Year-End 2020: Working From Home and Dreaming of Travel
While expectations of a softening U.S. hotel performance were anticipated at the beginning of 2020, no one was prepared for the uncertainty of the ensuing year. But even as the COVID-19 pandemic lingered and effectively shut down most travel in the U.S. and across the world, smart and experienced investors continued to amass extensive funds to pursue recapitalization and acquisitions—the most substantial market indication that recovery is highly anticipated.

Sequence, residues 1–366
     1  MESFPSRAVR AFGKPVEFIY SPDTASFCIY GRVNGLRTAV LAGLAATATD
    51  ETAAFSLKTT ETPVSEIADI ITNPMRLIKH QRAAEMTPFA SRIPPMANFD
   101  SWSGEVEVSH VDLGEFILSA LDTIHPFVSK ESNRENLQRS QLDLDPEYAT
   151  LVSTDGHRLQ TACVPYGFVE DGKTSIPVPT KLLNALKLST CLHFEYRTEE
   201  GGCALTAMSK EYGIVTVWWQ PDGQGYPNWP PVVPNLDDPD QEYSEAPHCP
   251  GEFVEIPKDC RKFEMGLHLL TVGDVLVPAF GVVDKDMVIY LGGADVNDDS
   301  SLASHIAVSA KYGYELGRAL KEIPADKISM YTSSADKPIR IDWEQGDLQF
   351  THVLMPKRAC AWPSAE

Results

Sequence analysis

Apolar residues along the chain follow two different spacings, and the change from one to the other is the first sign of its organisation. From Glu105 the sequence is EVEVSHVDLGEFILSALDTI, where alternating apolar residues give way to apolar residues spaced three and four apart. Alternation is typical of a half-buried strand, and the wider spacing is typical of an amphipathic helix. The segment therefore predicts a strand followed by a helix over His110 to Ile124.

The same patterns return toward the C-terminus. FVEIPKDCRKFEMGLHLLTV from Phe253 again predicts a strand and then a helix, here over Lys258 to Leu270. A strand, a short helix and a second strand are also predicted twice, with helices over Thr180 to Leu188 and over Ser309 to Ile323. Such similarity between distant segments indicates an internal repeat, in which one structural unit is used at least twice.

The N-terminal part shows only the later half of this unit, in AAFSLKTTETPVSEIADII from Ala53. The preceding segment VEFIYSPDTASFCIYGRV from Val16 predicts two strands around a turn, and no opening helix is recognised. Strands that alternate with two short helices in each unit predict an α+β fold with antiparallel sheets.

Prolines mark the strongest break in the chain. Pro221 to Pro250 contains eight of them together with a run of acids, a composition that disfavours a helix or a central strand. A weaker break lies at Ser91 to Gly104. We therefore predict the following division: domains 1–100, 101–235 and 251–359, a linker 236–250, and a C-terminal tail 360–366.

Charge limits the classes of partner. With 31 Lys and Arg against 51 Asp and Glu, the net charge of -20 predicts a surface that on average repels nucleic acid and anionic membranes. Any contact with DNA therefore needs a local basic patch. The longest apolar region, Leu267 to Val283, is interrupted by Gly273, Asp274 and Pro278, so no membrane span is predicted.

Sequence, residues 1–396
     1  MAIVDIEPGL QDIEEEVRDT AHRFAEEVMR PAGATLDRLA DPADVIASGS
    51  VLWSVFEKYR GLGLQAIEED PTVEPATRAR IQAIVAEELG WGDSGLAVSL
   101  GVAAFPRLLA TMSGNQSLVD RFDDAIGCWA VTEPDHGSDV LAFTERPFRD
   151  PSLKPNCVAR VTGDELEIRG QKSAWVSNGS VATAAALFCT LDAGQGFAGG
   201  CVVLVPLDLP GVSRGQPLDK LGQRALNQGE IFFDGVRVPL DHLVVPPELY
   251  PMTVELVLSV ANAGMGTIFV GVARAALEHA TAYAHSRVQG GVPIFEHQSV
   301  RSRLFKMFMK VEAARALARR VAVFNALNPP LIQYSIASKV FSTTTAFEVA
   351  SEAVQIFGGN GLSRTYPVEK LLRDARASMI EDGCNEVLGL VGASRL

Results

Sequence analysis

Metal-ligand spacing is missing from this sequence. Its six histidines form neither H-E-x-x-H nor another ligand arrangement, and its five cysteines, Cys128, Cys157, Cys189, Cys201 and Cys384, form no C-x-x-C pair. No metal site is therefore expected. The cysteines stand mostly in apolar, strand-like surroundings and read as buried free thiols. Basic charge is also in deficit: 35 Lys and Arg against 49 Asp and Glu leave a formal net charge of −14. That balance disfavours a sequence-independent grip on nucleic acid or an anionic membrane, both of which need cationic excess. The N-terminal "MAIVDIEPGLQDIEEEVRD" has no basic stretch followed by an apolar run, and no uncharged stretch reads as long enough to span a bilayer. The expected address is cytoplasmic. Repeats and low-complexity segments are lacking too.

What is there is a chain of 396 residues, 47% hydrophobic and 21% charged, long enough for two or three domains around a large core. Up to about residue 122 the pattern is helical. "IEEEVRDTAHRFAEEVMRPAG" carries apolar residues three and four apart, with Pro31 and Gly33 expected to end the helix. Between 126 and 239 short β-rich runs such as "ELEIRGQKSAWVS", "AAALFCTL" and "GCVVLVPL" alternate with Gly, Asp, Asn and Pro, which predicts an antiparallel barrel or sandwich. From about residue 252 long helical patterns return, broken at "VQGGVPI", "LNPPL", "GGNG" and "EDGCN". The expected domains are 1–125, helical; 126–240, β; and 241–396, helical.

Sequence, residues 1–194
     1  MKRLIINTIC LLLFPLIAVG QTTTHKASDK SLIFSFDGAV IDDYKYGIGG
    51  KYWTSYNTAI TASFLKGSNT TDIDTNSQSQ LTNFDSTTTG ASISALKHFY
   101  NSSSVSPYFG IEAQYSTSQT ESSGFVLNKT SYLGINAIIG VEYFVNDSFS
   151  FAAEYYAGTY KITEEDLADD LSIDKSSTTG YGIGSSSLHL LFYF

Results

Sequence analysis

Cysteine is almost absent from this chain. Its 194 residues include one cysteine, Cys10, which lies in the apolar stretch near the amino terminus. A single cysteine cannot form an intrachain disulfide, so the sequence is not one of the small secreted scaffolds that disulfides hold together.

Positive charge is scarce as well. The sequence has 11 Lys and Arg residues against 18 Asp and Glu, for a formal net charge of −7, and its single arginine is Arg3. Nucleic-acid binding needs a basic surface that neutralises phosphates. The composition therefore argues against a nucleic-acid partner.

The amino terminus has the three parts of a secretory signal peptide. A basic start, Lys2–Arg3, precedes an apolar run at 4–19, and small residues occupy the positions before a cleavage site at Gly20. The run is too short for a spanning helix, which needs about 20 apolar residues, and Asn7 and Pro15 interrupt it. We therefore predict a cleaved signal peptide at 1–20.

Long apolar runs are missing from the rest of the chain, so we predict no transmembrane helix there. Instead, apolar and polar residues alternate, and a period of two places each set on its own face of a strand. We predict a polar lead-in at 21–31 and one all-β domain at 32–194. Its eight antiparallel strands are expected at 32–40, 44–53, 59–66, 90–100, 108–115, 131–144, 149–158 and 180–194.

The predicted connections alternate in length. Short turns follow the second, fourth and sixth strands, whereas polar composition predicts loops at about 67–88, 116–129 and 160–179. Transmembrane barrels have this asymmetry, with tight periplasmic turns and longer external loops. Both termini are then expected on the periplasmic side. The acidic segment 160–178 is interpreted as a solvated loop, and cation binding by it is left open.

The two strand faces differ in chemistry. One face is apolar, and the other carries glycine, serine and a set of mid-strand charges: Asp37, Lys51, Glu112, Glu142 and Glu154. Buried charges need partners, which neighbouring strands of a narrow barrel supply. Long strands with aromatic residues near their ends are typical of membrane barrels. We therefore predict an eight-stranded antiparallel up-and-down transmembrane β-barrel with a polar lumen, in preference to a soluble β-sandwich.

As has been documented on numerous hotel industry webinars and Zoom presentations, the pandemic began to slow U.S. hotel performance at the beginning of 2020 due to inbound Asian travel restrictions. By mid-March 2020, the threat of widespread virus transmission prompted local and state governments to enact measures curtailing most commercial and social activities. As a result, many hotels were suddenly empty and some closed voluntarily for several weeks to months in the spring. Numerous challenges followed, including staffing reductions on property and on the corporate level, chain supply difficulties, new cleaning protocol requirements, and safety standards for staffing and guests. As the industry proved itself resilient, operators have had to manage with fewer supervisors, and customers have learned not to expect their rooms to be cleaned every night. The performance of the U.S. hotel industry in 2020 quantifies all the trials of a year where each month seemed to drag on. The following details the annual changes since 2018 and quarterly changes for 2020.